There are no historical events that have more iconic significance for the people of Utah than the westward trek of the vanguard company of Mormons in 1847. Its meaning may vary, but overall, the march has a highly symbolic and seminal historical importance for virtually all Utahns. While the journey has been widely celebrated, memorialized, and even sanctified, and various books have been written about it, there is more that can be said and understood about the migration's place in western history; about its context, including events preceding and following it; and about the real experiences of its participants. Particularly lacking in most published accounts are the stories of the rank and file members—the individuals who, in contrast to the well-known leadership with Brigham Young at the top, might fittingly be called foot soldiers. The 1847 company had a military-like organization, which is captured by Ronald Barney's term brigade in the title. Norton Jacob was such a man of the ranks in 1847. He had no special status in the Mormon Church, and there was little to make him stand out in the historical record than that he left what is regarded by many trail historians as one of the best and most informative journals of the early Mormon emigration. While the heart of Jacob's record concerns the 1847 journey, there is much more to it. The diary published here begins in 1844, the year of church founder Joseph Smith's murder. It continues through the crisis events that followed: the Mormons' flight from Nauvoo, their trudging journey across Iowa to Winter Quarters, and the beginnings of mass migration to Utah. After the apex of 1847, the arc of the narrative moves through accounts of Jacob's return to Nauvoo late that year and of the much larger Mormon emigration in 1848. It reaches denouement in a short record of his first years in Salt Lake Valley.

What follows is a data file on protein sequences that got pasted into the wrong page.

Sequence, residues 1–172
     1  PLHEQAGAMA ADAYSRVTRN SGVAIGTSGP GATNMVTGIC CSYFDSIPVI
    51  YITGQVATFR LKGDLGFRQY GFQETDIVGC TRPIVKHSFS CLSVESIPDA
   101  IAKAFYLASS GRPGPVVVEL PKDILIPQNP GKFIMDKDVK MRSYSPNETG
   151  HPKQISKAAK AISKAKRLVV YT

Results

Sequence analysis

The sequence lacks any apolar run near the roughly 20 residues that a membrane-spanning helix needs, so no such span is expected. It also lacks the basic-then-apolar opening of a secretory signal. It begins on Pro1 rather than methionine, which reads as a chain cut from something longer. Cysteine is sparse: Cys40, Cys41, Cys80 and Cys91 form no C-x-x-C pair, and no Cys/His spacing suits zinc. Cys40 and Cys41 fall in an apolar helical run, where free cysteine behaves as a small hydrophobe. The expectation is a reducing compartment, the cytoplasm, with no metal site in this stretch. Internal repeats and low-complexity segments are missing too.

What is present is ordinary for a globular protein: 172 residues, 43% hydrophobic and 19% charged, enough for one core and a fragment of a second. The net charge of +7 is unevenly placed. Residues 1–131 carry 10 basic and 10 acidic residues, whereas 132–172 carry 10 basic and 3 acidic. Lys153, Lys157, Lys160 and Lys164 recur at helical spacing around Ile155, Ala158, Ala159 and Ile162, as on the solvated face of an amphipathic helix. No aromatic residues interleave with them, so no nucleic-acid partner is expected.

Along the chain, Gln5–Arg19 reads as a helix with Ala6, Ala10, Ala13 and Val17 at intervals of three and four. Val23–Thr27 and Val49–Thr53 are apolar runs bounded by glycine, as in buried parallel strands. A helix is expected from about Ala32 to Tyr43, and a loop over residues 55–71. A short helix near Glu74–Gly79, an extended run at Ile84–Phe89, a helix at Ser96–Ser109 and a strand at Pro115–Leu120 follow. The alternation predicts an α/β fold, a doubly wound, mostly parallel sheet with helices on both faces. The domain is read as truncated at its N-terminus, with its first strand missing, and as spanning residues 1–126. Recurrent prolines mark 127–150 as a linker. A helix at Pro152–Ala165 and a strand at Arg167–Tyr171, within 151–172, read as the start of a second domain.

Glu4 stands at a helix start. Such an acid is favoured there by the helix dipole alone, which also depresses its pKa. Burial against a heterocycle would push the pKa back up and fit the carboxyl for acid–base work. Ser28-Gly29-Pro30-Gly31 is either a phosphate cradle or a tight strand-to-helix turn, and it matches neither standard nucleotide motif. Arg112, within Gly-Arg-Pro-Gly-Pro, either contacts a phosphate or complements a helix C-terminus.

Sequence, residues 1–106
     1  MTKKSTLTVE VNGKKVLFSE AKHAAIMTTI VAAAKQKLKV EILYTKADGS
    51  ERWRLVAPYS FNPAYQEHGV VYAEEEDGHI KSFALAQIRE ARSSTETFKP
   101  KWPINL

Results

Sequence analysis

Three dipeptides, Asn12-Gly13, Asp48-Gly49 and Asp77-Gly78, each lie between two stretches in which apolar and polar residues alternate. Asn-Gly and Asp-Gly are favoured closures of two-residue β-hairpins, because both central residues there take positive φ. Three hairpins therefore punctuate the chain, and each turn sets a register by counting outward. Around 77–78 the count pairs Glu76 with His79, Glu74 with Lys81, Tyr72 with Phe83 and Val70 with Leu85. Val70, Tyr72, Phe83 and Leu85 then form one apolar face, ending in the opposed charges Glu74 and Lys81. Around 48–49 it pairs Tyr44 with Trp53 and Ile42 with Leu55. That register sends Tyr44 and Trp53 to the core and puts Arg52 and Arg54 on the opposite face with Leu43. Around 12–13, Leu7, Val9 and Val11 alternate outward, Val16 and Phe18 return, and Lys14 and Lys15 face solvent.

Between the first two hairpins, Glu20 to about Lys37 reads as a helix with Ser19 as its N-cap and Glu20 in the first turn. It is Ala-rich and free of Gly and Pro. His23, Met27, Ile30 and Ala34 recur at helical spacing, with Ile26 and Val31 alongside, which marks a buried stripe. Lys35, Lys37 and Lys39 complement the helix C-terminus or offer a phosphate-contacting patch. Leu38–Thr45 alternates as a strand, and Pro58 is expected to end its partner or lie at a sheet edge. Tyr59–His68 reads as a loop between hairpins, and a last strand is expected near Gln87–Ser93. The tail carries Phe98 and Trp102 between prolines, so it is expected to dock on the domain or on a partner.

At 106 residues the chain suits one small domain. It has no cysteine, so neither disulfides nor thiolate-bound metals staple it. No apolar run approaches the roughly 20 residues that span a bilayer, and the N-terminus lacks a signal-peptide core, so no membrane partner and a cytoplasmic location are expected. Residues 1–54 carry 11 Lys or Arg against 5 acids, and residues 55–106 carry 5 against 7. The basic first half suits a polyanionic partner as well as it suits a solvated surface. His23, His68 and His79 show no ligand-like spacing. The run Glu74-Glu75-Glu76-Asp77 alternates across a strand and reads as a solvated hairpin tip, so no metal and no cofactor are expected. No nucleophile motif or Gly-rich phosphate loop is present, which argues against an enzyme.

The Association for Mormon Letters, 2005, by Jeffrey Needle